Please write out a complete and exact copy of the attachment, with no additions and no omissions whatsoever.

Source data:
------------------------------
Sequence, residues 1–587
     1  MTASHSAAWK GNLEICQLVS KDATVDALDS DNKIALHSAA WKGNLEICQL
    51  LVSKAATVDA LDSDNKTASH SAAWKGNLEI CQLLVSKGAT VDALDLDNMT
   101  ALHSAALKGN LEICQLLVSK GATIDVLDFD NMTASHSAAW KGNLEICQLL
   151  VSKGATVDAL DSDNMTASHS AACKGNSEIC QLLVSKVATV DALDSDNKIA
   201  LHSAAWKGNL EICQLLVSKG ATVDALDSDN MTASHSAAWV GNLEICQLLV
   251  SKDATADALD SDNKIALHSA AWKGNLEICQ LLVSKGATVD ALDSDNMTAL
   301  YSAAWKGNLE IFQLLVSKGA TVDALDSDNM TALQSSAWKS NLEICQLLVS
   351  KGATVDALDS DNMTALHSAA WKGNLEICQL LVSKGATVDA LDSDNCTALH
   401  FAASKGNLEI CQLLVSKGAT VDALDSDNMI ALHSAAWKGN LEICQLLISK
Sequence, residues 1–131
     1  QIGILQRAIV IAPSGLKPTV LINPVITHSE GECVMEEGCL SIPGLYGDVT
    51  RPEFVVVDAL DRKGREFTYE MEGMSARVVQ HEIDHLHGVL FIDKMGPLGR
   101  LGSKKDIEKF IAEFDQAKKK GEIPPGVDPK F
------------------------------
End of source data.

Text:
Sequence, residues 1–587
     1  MTASHSAAWK GNLEICQLVS KDATVDALDS DNKIALHSAA WKGNLEICQL
    51  LVSKAATVDA LDSDNKTASH SAAWKGNLEI CQLLVSKGAT VDALDLDNMT
   101  ALHSAALKGN LEICQLLVSK GATIDVLDFD NMTASHSAAW KGNLEICQLL
   151  VSKGATVDAL DSDNMTASHS AACKGNSEIC QLLVSKVATV DALDSDNKIA
   201  LHSAAWKGNL EICQLLVSKG ATVDALDSDN MTASHSAAWV GNLEICQLLV
   251  SKDATADALD SDNKIALHSA AWKGNLEICQ LLVSKGATVD ALDSDNMTAL
   301  YSAAWKGNLE IFQLLVSKGA TVDALDSDNM TALQSSAWKS NLEICQLLVS
   351  KGATVDALDS DNMTALHSAA WKGNLEICQL LVSKGATVDA LDSDNCTALH
   401  FAASKGNLEI CQLLVSKGAT VDALDSDNMI ALHSAAWKGN LEICQLLISK
Sequence, residues 1–131
     1  QIGILQRAIV IAPSGLKPTV LINPVITHSE GECVMEEGCL SIPGLYGDVT
    51  RPEFVVVDAL DRKGREFTYE MEGMSARVVQ HEIDHLHGVL FIDKMGPLGR
   101  LGSKKDIEKF IAEFDQAKKK GEIPPGVDPK F